Olivia | Posted on 11 October 2012, 08:05PM | Report comment The death penalty is ridiculous! It first off can absolutely end the life of an innocent person, which could have so easily been prevented, but then also, would you rather dace life in prison or death by an injection? Death seems much more appealing, its quick, and relatively painless due to the humane circumstances of a developed country, but this is not always the case. also isnt it almost a way out for those se rving life sentences? with staying in prison, they are forced every day to think upon their actions and knowing that they will never feel freedom again, that seems like a real punishment, rather than escaping from all your problems. Lastly, if its illegal to end a life in the first place, then how is it alright for someone to die from capital punishment? It almost seems as ironic as smacking a child and a way of telling them not to hit other children, its contradicting and to me, seems to be an easy way o ut.

Lachlan | Posted on 11 October 2012, 05:17PM | Report comment All life that leaves his/hers mothers womb should be preserved at all costs. An eye for an eye leaves the whole world blind

chraiti yemna | Posted on 11 October 2012, 08:07AM | Report comment je suis contre la peine de mort,ce jugement na pas empech les autres de commettre des crimes de plus en plus atroces.Il faut chercher la cause de ces crimes et trouver la solution.

KJ Long | Posted on 11 October 2012, 02:57AM | Report comment Seriously? WHY is everyone so concerned for the crazed mad man/woman, the pe rson who took a loved ones life, raped and tortured children, beat and abused the elderly I am more concerned for the victims, havent they suffered enough? Why should they fear that one day the person who hurt them may be walking around on the streets? Very few are ever truly rehabilitated, as for the ones that claim they are, they are released and re-offend and someone else loses a loved one. Your answer, you say is to lock them away forever.. At whos cost? Why should we work and pay taxes so they can be comfortable, they do not deserve to be comfortable in jail. They have to pay for their crimes. Just because they are behind a locked door is not enough. I could understand if they were placed in prison with the basics, roof, mattress, blanket and food. But NO, they (the offenders) and some of society believe they have rights!!! What a joke. If after investigation the authorities believe they have caught the offender, with todays technology and DNA it can be proved without a doubt if that person is responsible, and if they are, they should be dealt with as strongly as possible. Unfortunately in Australia the laws and sentencing are not strong and long enough. If only we would sentence offenders to the length of time USA do. Maybe, just maybe we have a chance of keeping Australia a beautiful place.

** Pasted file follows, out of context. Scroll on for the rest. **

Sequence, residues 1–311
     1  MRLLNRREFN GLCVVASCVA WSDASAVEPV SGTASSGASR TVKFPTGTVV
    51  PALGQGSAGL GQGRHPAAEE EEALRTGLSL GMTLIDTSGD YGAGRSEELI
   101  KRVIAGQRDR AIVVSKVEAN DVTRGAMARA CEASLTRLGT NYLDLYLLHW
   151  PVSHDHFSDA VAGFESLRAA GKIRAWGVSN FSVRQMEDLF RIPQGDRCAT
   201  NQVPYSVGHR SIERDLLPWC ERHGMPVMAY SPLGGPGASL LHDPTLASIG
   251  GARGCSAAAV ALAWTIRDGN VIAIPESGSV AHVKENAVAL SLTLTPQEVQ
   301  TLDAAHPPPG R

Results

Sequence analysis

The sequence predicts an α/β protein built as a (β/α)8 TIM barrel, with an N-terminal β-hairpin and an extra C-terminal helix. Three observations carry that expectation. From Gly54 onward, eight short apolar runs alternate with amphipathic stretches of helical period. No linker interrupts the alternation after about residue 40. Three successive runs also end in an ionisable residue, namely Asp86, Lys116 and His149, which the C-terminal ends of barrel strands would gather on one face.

Michael Wild | Posted on 11 October 2012, 02:04AM | Report comment The one thing the death penalty does achieve is it stops re-offending. For that reason I think well-meaning leftish types (Iike me) should be clear eyed and say that some criminals should be in jail for as long as it take to die of natural causes.. Im appalled to repeatedly read of people who committed top of the range murders in their 20s getting released in their late 40s after serving a life sentence. The bottom line for me is that even the best judicial system makes mistakes. Im only 50 ca n remember a number of cases where innocent people would have been hanged had the death penalty been available. One comes from my own, relatively small state of WA. For that reason the death penalty, however tempting, should be put aside. What most Australians need to know that internationally most death sentences come after shockingly bad trials, often based on a withdrawn confession obtained by beating or effective, cruel and invisible psychological pressure. There are many countries where a policeman could threaten to murder or rape a defendants wife or daughter unless they signed, when this would be a quite realistic threat. I recon most Australian red-necks would be shocked if they knew about how easy it is to be executed in some countries.

Lachlan | Posted on 10 October 2012, 06:52PM | Report comment Deserves it! I daresay he does. Many that live deserve death. And some that die deserve life. Can you give it to them? Then do not be too eager to deal out death in judgement. For even the very wise cannot see all ends. J.R.R.Tolkien This sums up my pov on this. No one should take another life.